Mandy Pritchard introducing American Burying Beetles

Mandy Pritchard introducing American Burying Beetles

Additionally, Mandy is an awesome representation of the zookeeping profession because of her passion for conservation. She goes above and beyond her job as a keeper. Currently, she is in charge of the American Burying Beetle reintroduction program at the Zoo. She successfully collaborates with other agencies outside the Zoo (Ohio Fish and Wildlife, Fernald Preserve, and more) to work towards a lasting conservation solution. The program itself is requires much diligence and hard work. Mandy is in charge of organizing dates for the release, helping to staff the release, raising the beetles, setting traps to survey the area before and after the release, and much more.

One of the most important things keepers do is educate the public on conservation and Mandy does a great job of that. Sharing her passion with the public comes naturally to Mandy. She just recently gave a talk at the Fernald Preserve (where the beetles are released) to help educate the public on the importance of this species. It is not the easiest thing to show people why this beetle should be saved. Most people just see it as another bug! But Mandy does a great job of enlightening everyone, keeping the audience interested and even getting a few laughs, too! Mandy has the ability to make people care about something they never thought they would. Keep it up, Mandy!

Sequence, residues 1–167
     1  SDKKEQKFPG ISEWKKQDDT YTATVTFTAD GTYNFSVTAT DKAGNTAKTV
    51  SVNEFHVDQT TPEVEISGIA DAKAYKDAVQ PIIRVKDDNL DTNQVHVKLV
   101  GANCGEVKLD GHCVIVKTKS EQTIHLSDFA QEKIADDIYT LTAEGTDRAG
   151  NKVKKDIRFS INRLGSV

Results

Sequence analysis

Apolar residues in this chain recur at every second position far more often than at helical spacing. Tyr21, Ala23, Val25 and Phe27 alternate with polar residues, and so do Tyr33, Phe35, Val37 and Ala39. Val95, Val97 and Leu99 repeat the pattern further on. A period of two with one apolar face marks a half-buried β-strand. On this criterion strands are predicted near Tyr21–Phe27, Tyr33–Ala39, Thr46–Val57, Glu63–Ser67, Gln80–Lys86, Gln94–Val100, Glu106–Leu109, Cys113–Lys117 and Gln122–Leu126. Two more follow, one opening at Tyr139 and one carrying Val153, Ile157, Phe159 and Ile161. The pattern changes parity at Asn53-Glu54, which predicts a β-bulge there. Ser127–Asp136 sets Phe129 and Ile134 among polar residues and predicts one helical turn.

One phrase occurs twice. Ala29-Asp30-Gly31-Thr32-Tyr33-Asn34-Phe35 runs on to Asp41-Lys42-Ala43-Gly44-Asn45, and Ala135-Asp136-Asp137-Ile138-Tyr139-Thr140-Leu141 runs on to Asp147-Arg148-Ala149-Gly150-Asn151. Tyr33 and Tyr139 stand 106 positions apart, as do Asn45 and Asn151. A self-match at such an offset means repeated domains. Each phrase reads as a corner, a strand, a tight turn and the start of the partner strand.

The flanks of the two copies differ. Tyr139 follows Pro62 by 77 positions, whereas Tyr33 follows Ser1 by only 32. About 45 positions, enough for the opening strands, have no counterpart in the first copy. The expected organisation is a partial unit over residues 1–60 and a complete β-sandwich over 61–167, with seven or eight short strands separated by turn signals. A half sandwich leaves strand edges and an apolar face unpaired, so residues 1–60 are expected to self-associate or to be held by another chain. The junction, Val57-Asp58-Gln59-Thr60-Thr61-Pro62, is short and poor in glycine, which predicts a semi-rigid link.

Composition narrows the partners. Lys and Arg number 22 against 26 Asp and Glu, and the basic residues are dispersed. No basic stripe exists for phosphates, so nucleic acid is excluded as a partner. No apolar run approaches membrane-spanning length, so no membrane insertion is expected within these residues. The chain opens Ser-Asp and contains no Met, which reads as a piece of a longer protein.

July 24, 2014   2 Comments